This time, though, he’ll be joining Sen. Dan Liljenquist and Sheldon Killpack in representing Davis County – rather than sitting with his Davis County peers from the House of Representatives.
That turn of events is thanks to a vote by delegates from Senate District 22, which represents parts of Centerville, Farmington, Fruit Heights, Kaysville and Layton.
Of 267 possible delegates from that district, 93 percent, or 249, participated in Saturday morning’s vote held at the Davis Applied Technology Center, said Michael Johnson, District Republican Party chair.
“I’m hearing things may move as fast as Wednesday,” for confirmation and official appointment by the Governor, Adams said Monday. Interim legislative meetings are set for that day. “It’s in the hands of the Governor. We’ll see how fast it moves along.”
Lt. Gov. Greg Bell of Fruit Heights, who Adams will replace upon confirmation, spoke to the group.
In addition, short speeches were made by each of the eight candidates.
Rep. Julie Fisher tallied 117 votes to Adams’ 131.
Of that close vote and his association with Fisher, Adams said, “Julie is extremely talented. I look forward to serving with her.
“We’ll have a great team. We really have a great legislative group. Davis County is very well thought of,” he said.
Adams has been busy in various public service capacities since leaving his House seat. He is chair of the State Transportation Commission, having previously served as head of the Davis Chamber of Commerce Transportation Committee. In addition, he chairs the MIDA group (Military Installation Defense Alliance).
Adams, who grew up and lives in Layton, started his political career as a member of the Layton City Council. Professionally, he works with a building/land development firm.
“Having served on the Transportation Commission, that expertise will serve me well,” Adams said. “We had another great senator, Dan Eastman, who had that same background.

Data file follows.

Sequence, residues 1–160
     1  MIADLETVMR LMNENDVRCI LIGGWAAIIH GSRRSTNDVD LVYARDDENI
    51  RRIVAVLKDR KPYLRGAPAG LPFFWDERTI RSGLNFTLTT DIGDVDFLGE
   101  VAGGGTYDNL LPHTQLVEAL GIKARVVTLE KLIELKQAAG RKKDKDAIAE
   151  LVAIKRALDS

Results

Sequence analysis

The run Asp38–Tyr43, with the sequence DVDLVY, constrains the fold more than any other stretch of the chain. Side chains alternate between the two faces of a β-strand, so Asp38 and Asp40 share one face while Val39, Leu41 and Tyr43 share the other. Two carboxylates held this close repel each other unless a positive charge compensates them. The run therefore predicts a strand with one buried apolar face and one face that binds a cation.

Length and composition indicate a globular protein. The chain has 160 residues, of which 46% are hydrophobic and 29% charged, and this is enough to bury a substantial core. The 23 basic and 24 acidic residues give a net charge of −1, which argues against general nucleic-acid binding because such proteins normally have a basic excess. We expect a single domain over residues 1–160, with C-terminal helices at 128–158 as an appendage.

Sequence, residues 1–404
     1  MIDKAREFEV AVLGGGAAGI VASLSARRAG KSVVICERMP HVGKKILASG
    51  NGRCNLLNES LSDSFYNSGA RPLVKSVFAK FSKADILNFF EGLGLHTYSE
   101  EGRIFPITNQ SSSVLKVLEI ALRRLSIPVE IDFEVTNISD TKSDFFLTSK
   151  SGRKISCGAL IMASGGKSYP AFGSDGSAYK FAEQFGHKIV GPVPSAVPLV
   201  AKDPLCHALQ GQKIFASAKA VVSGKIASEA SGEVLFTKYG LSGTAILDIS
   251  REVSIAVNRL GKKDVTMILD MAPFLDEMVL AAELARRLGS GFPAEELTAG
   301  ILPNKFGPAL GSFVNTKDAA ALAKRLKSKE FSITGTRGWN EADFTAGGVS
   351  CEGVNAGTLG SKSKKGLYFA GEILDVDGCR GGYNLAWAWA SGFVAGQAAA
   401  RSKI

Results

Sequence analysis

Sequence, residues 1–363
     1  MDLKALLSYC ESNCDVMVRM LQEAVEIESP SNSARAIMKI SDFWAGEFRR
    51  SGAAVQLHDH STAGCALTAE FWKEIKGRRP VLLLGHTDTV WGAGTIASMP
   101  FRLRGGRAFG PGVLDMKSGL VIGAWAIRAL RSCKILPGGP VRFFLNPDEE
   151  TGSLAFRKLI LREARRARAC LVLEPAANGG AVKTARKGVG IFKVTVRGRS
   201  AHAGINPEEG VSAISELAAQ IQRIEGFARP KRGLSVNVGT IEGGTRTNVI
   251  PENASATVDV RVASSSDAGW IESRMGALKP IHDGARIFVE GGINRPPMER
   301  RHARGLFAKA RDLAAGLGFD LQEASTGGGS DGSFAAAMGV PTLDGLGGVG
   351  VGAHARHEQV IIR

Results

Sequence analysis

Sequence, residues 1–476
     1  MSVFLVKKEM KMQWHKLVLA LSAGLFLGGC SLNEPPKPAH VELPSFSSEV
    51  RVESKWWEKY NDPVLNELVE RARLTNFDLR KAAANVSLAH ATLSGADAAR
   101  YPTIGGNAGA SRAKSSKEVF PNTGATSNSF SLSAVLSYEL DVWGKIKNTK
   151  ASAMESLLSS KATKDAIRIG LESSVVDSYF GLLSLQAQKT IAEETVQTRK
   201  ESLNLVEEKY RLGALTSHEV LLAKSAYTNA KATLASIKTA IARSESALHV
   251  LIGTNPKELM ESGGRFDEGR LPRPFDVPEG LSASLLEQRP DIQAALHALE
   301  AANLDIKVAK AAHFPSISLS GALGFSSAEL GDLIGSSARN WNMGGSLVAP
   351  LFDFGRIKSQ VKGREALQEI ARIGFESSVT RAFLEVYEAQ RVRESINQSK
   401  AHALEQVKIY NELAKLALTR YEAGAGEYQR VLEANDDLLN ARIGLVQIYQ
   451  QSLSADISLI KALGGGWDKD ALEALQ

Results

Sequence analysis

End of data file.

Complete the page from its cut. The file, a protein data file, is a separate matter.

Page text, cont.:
“My other focus, I think right now, without any question, will be the budget, which is on everyone’s minds. We’ve had a downturn in the economy, and with that, some of the challenges of providing services.
“I think I heard very well from those I talked to, a tax increase is not something they want. The solution, with declining revenues, is to get this economy going.”
He coupled that with his involvement with the giant Falcon Hill project being developed by MIDA in a public/private partnership, west of Hill AFB. It’s projected up to 50,000, mostly high paying jobs, will be created in the coming years.
“That will be a passion, is one of the biggest economic development projects in the Intermountain Region,” he said.
Johnson noted that “instant runoff voting” was used in the convention. Each delegate voted their numeric choice on each of the eight candidates, rather than having separate votes to narrow down the choices.
“We certainly had a fantastic turnout,” he said, of the very high percentage turnout, adding, “Apathy is not the case here.”
Of the candidates, Johnson said “the comment was made many times, in some elections, you are forced to choose the lesser of two evils. In this situation, everybody felt we were picking from the cream of the crop.”
“There were seven very qualified candidates, many of which I was friends with before,” Adams said. “I’m friends with all of them now.”